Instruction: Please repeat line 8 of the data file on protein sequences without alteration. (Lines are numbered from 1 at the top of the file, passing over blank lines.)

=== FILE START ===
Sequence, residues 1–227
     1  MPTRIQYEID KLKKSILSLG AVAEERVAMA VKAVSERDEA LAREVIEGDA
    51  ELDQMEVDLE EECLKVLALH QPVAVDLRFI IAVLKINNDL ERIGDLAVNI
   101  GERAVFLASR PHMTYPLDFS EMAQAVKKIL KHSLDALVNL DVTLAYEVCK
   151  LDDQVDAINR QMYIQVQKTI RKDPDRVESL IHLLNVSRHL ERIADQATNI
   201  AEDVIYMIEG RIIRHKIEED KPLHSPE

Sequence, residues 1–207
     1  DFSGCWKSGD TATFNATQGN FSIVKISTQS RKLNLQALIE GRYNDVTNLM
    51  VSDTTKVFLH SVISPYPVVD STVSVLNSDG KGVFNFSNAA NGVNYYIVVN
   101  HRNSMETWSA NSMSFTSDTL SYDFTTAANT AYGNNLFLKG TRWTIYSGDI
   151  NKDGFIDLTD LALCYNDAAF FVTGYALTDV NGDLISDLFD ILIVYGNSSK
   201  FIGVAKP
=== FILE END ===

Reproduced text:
     1  DFSGCWKSGD TATFNATQGN FSIVKISTQS RKLNLQALIE GRYNDVTNLM